1 2 Address: Departmentof rehabilitation, Laval University, Pavillon FerdinandVandry, Quebec City (Quebec), G1K7P4, Canada,Center of Interdisciplinary Research in Rehabilitation & Social Integration (CIRRIS), Quebec City, Institut de réadaptation en déficience physique de 3 Québec, 525 bvld WilfridHamel east, Quebec City, Quebec, G1M 2S8, Canada,Department of Preventive and Social medicine, Laval University, 4 Pavillon de l'est, Québec City (Quebec), G1K 7P4, Canada andDepartment of Nursing, Faculty of Medicine and Health Sciences, Sherbrooke University, 3001, 12thavenue, Sherbrooke (Quebec), Canada Email: Claude Vincent*  claude.vincent@rea.ulaval.ca; Daniel Reinharz  Daniel.reinharz@msp.ulaval.ca; Isabelle Deaudelin  isabelle.deaudelin@rea.ulaval.ca; Mathieu Garceau  salutgoglu@hotmail.com; Lise R Talbot  lise.talbot@USherbrooke.ca * Corresponding author†Equal contributors
Published: 07 July 2006Received: 04 April 2006 Accepted: 07 July 2006 Health and Quality of Life Outcomes2006,4:41 doi:10.1186/1477-7525-4-41 This article is available from: http://www.hqlo.com/content/4/1/41 © 2006 Vincent et al; licensee BioMed Central Ltd. This is an Open Access article distributed under the terms of the Creative Commons Attribution License (http://creativecommons.org/licenses/by/2.0), which permits unrestricted use, distribution, and reproduction in any medium, provided the original work is properly cited.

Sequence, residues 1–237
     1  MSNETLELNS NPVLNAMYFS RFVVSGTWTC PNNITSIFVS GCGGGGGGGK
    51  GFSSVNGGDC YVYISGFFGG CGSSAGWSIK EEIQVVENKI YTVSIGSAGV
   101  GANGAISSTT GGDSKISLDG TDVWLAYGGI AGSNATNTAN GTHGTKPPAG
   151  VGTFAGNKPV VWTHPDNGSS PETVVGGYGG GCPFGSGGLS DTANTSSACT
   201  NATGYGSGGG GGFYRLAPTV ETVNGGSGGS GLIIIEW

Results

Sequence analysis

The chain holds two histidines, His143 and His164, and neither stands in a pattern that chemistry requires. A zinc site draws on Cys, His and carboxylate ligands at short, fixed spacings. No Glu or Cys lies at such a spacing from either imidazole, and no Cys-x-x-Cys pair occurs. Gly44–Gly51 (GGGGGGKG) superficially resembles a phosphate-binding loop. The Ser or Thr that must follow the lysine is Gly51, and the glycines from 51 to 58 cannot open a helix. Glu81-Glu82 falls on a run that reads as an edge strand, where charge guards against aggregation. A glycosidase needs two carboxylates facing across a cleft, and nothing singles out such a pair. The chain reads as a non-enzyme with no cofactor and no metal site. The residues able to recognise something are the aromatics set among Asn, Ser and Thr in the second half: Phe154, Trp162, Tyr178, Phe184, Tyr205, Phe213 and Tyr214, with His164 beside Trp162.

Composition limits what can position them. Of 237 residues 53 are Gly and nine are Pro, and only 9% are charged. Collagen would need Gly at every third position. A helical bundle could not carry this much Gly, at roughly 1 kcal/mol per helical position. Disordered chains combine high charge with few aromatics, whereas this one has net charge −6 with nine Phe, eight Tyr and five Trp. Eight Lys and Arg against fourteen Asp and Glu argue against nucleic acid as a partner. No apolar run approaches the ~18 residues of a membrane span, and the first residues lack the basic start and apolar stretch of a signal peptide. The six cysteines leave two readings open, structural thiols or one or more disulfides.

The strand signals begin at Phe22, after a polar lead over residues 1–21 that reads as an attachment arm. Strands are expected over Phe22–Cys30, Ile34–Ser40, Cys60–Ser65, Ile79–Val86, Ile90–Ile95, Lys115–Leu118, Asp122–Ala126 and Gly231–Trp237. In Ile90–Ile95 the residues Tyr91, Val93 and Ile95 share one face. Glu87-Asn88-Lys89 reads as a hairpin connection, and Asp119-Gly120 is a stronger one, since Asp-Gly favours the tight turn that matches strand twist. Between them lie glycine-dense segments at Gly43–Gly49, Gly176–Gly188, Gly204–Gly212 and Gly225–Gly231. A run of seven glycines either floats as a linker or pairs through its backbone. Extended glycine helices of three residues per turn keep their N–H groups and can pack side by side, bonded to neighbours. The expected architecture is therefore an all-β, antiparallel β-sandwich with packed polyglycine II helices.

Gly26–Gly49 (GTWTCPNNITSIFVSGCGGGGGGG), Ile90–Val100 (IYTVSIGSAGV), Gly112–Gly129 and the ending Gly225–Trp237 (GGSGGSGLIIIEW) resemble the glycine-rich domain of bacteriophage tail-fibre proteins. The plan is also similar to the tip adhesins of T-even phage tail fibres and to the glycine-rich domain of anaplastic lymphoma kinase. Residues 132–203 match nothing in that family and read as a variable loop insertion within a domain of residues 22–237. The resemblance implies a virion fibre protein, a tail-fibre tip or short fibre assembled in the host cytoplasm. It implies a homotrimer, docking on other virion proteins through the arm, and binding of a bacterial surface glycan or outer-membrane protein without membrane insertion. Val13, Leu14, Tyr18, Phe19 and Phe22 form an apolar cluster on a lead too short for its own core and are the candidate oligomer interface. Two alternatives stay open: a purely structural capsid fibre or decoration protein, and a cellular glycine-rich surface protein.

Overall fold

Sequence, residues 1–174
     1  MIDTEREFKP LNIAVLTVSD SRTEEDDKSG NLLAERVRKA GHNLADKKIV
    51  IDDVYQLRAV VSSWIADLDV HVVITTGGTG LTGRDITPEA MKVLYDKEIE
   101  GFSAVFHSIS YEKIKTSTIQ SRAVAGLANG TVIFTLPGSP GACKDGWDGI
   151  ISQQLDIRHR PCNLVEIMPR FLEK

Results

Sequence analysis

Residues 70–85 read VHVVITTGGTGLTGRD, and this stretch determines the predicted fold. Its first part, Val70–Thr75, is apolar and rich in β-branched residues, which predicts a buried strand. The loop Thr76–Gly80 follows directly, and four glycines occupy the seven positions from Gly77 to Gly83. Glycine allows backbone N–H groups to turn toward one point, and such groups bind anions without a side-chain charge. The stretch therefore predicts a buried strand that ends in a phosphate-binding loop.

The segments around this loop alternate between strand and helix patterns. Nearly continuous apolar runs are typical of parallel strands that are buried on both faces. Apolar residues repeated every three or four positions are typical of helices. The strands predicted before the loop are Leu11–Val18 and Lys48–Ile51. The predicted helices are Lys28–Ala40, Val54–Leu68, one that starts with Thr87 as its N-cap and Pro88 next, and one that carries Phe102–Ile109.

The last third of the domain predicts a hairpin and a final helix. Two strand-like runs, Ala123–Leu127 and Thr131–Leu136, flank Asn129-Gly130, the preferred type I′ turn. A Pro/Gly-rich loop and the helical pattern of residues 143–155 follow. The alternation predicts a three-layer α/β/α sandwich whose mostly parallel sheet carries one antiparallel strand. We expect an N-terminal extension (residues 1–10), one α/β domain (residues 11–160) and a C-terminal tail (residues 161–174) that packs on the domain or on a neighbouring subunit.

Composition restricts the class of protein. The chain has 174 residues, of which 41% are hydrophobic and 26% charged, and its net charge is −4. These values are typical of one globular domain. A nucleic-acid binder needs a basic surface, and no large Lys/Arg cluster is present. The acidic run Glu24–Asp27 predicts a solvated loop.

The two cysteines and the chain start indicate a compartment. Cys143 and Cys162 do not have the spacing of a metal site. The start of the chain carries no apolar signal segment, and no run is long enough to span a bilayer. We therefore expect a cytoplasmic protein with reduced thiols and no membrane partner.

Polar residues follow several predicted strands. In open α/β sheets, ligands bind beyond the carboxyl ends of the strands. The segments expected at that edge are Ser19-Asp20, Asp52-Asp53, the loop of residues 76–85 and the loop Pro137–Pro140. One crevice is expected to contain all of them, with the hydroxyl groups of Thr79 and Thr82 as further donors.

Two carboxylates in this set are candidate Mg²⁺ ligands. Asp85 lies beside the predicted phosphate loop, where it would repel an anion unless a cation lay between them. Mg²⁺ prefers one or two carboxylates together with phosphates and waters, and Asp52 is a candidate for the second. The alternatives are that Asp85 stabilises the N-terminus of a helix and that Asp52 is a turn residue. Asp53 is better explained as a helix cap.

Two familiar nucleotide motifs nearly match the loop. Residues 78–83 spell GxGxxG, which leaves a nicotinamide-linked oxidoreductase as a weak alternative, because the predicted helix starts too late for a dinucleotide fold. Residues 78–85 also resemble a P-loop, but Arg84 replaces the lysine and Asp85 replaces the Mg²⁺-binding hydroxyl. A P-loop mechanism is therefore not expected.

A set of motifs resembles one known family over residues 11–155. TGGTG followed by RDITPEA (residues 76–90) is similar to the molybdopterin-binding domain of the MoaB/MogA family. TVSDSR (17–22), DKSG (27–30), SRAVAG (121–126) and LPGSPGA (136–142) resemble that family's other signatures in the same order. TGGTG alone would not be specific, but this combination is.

Abstract Background:Telesurveillance is a technologically based modality that allows the surveillance of patients in the natural setting, mainly home. It is based on communication technologies to relay information between a patient and a central call center where services are coordinated. Different types of telesurveillance systems have been implemented, some being staffed with non-health professionals and others with health professional, mainly nurses. Up to now, only telesurveillance services staffed with non-health professionals have been shown to be effective and efficient. The objective of this study was to document outcomes and cost evolution of a nurse-staffed telesurveillance system for frail elderly living at home. Methods:A quasi experimental design over a nine-month period was done. Patients (n = 38) and caregivers (n = 38) were selected by health professionals from two local community health centers. To be eligible, elders had to be over 65, live at home with a permanent physical, slight cognitive or motor disability or both and have a close relative (the caregiver) willing to participate to the study. These disabilities had to hinder the accomplishment of daily life activities deemed essential to continue living at home safely. Three data sources were used: patient files, telesurveillance center's quarterly reports and personal questionnaires (Modified Mini-Mental State, Functional Autonomy Measurement System, Life Event Checklist, SF-12, Life-H, Quebec User Evaluation of Satisfaction with Assistive Technology, Caregiver Burden). The telesurveillance technology permitted, among various functionalities, bi-directional communication (speaker-receiver) between the patient and the response center. Results:A total of 957 calls for 38 registered clients over a 6-month period was recorded. Only 48 (5.0%) of the calls were health-related. No change was reported in the elders' quality of life and daily activity abilities. Satisfaction was very high. Caregivers' psychological burden decreased substantially. On a 3 months period, length of hospital stays dropped from 13 to 4 days, and home care services decreased from 18 to 10 visits/client. Total cost of health and social public services used per client dropped by 17% after the first 3 months and by 39% in the second 3 months. Conclusion:The ratio of 0.50 calls per client to the call center for health events is three times higher than that reported in the literature. This difference is probably attributable to the fact that nurses rather than non-health professional personnel were available to answer the clients' questions about their health and medications. Cost evolution showed